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    S-Video is a reduced quality connection compared to component. But, I didn't look up the specs of your DVD and TV; depending on the equipment you may not notice a difference. Connecting with S-video as suggested would make switching easier if you don't go with the Universal remote.
     
  10. zmurphy

    zmurphy Member

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    You can buy a component cable for your PS2 for probably less than $20. it will look much better and you can use it the way you had it orignally setup and use the receiver to change your video sources.

    http://www.monoprice.com/products/pr...t=1#largeimage

    plus its universal, you could use it if you decide to buy another platform.
     
  11. Bob McElfresh

    Bob McElfresh Well-Known Member

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    SD Connection Types:

    Home Theater magazine came up with these loose numbers for a 50" rear projector TV from a DVD player:

    Composite - baseline
    SVideo - 20% improvement over Composite
    Component - 25% improvement over Composite

    So Component is better than SVideo - but only slightly.

    They also noted in the article that smaller TV's show less difference and larger TV's show more. (So have a front-projector - use component).

    So for that 34" Tube , you are not gaining much using component cables. Using svideo lets the receiver do all the switching and makes the system easier to use.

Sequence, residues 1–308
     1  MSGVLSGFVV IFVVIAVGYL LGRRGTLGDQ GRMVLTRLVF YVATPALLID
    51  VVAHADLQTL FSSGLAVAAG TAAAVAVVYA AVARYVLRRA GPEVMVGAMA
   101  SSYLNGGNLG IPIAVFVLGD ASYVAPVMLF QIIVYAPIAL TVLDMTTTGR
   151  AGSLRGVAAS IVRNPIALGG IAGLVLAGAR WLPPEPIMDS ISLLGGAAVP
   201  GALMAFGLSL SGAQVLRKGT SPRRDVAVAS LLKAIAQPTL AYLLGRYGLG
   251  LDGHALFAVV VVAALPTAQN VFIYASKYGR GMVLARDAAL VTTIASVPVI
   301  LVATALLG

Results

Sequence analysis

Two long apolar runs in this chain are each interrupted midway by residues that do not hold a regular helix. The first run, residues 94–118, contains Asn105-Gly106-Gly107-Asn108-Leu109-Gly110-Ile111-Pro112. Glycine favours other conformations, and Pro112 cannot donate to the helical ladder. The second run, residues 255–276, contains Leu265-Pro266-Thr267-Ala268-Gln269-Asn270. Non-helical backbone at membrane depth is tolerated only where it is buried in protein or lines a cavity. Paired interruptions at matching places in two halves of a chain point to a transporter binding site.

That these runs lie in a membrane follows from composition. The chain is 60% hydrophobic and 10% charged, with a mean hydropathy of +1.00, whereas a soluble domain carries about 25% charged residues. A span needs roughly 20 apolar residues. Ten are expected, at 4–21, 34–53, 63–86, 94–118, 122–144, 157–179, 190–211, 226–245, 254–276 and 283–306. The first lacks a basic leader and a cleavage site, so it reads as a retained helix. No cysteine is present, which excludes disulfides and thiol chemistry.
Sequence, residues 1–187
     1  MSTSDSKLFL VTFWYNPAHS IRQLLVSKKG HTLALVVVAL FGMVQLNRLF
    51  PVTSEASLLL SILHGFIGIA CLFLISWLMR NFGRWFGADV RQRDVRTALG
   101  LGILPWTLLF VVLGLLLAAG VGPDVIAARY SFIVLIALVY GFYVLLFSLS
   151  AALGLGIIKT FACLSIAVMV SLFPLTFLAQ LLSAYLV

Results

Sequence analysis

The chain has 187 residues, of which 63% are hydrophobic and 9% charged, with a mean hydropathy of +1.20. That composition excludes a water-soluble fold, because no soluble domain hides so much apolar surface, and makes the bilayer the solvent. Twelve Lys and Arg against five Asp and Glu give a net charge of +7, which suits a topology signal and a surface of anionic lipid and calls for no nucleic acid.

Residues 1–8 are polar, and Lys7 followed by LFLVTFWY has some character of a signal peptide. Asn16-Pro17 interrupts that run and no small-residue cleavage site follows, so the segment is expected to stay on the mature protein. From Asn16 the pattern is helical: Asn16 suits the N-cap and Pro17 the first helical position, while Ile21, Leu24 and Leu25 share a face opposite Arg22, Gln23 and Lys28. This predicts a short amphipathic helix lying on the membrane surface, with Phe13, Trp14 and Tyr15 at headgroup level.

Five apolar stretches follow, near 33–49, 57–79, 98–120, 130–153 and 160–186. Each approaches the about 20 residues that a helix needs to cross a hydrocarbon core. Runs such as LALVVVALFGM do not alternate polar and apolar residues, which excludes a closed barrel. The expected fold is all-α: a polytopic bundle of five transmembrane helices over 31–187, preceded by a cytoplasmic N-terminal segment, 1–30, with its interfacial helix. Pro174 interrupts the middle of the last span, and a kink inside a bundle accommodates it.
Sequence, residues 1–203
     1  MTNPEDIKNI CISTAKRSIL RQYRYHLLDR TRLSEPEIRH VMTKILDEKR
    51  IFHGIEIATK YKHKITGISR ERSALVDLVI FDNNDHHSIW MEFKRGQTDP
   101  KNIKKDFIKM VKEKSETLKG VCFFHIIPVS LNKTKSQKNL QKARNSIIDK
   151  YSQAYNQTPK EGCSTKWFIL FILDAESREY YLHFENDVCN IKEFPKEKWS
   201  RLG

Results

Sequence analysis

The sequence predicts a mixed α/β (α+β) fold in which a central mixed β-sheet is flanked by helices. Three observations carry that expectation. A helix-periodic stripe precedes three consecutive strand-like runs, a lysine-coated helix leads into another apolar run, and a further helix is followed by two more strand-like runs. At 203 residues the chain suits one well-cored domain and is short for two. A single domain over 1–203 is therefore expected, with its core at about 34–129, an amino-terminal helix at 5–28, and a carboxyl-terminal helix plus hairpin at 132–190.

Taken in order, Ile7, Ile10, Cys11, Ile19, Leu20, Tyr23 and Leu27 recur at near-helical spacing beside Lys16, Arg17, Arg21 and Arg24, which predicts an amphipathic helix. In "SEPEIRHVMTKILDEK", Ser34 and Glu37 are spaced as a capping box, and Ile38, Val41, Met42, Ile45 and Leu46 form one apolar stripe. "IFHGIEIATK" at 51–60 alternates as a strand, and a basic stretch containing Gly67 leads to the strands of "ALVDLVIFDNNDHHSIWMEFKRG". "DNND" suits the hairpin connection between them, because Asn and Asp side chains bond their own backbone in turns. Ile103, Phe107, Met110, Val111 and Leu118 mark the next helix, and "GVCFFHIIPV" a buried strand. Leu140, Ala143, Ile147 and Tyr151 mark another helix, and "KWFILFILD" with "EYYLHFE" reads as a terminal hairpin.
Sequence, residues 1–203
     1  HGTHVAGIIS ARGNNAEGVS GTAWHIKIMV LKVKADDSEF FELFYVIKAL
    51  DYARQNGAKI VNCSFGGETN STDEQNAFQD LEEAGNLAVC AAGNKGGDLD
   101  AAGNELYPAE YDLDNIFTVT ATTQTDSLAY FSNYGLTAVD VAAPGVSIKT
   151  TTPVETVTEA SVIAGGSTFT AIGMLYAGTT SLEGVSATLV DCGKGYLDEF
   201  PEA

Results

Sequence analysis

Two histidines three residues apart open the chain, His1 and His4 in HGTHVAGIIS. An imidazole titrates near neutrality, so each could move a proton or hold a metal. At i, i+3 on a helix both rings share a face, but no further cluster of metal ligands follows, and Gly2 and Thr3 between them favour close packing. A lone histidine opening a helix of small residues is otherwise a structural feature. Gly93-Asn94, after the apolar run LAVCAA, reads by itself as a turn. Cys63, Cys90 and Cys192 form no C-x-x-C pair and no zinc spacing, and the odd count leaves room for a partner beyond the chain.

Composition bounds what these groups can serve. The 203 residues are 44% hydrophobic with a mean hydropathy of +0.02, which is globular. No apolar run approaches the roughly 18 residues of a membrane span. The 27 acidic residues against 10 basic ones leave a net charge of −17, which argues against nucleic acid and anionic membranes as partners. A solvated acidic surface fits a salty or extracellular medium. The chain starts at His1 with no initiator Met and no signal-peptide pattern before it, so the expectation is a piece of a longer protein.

12. Al.Anderson

    Al.Anderson Well-Known Member

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    I have to confess I'm amazed at the numbers you provided. I knew it wasn't a large difference and the type and size of the equipment made a big difference; but based on anecdotal decriptions over the years I would have expected another 20% improvement from S-vid to component upgrade.

    I never did a comparison on my smaller monitor set-ups. Now I have to break out the cables for a personal look.
     
  13. zmurphy

    zmurphy Member

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    sorry, but i am a bit of a newb still. just so i completely understand, when it comes to "Standard Definition" component has only a slight advantage over s-video.

    so if i am running a SD dvd player to my PJ, it won't really matter whether its Component or S-video, correct?

    thanks! sorry to hijack the thread.
     
  14. Bob McElfresh

    Bob McElfresh Well-Known Member

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    Al - here is the reason you get a HUGE jump going from composite to SVideo:

    When you feed Composite, the TV has to run the video through a circuit called a "Comb Filter" to produce separated video (or SVideo). This circuit is nearly the most expensive part of the TV and it is less than perfect.

    If your source is a DVD player, Sat or even digital cable through a CATV box - the video shows up already separated. SVideo cables by-pass the Comb filter and your TV gets already perfectly separated video.

    The SVideo to Component conversion inside the TV is a much easier conversion so component cables only offer a slight improvement.

    Does this make sense?
     
  15. Al.Anderson

    Al.Anderson Well-Known Member

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    Bob, yes it does. Very interesting, thanks a lot! (Funny what threads you learn stuff on. This one was just a pass through for me.)

    I still want to experiment with it at home. But since my cables aren't easy to get to it'll likely wait for a snowy weekend.
     
  16. Bob McElfresh

    Bob McElfresh Well-Known Member

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    I was hoping to re-cable my system this weekend with HDMI, but the switcher has not shown up.

    Now is actually a really good time to do a fall tune-up on your system so it is ready for the new movies coming out and the holidays.